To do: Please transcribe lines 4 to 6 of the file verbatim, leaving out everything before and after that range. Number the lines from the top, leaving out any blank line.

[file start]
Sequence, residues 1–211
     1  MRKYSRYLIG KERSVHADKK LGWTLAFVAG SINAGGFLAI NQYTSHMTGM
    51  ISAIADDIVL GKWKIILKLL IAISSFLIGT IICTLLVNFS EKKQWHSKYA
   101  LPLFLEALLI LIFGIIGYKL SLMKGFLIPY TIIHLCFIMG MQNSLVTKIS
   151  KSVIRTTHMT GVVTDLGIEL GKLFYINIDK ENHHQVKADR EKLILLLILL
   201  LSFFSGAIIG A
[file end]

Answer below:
   101  LPLFLEALLI LIFGIIGYKL SLMKGFLIPY TIIHLCFIMG MQNSLVTKIS
   151  KSVIRTTHMT GVVTDLGIEL GKLFYINIDK ENHHQVKADR EKLILLLILL
   201  LSFFSGAIIG A